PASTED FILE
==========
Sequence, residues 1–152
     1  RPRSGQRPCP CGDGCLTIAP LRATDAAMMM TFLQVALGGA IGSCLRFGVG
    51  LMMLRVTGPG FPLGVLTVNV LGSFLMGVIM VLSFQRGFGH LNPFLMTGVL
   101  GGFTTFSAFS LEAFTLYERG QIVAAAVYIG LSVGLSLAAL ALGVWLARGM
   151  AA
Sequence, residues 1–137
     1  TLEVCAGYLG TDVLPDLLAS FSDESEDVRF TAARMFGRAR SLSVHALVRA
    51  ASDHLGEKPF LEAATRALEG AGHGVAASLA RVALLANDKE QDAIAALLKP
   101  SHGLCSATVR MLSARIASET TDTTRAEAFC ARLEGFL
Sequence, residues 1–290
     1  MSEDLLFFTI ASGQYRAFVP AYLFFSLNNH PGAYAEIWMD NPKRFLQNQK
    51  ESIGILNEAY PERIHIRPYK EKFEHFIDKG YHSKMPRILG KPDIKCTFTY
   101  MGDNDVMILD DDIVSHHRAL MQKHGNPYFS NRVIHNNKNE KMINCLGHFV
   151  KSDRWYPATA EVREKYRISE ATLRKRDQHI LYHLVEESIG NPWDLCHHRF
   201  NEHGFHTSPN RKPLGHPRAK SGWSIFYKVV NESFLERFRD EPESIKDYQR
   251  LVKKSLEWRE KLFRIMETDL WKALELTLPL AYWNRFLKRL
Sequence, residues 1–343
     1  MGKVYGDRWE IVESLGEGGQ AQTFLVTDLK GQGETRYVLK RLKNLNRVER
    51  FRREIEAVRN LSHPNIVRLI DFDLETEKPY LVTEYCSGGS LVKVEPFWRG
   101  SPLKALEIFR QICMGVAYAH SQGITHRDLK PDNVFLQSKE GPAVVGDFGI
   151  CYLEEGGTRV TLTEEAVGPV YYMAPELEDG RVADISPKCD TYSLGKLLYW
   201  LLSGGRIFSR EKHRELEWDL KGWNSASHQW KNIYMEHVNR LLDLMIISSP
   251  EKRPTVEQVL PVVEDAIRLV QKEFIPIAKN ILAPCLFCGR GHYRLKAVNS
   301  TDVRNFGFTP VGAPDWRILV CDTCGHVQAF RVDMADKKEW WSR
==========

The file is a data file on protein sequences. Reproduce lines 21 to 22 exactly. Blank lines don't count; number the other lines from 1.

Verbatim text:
   151  CYLEEGGTRV TLTEEAVGPV YYMAPELEDG RVADISPKCD TYSLGKLLYW
   201  LLSGGRIFSR EKHRELEWDL KGWNSASHQW KNIYMEHVNR LLDLMIISSP